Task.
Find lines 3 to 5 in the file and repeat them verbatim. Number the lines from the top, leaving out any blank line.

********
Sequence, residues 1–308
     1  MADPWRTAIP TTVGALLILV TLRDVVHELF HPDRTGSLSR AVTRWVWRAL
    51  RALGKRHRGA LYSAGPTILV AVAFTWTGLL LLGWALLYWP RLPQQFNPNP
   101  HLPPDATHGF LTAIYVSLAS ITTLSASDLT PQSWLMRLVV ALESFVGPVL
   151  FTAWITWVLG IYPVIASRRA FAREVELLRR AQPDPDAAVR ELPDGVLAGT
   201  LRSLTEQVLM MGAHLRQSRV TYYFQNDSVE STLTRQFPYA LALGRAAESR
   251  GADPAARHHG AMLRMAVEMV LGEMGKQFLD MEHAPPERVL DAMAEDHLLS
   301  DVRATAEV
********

    51  RALGKRHRGA LYSAGPTILV AVAFTWTGLL LLGWALLYWP RLPQQFNPNP
   101  HLPPDATHGF LTAIYVSLAS ITTLSASDLT PQSWLMRLVV ALESFVGPVL
   151  FTAWITWVLG IYPVIASRRA FAREVELLRR AQPDPDAAVR ELPDGVLAGT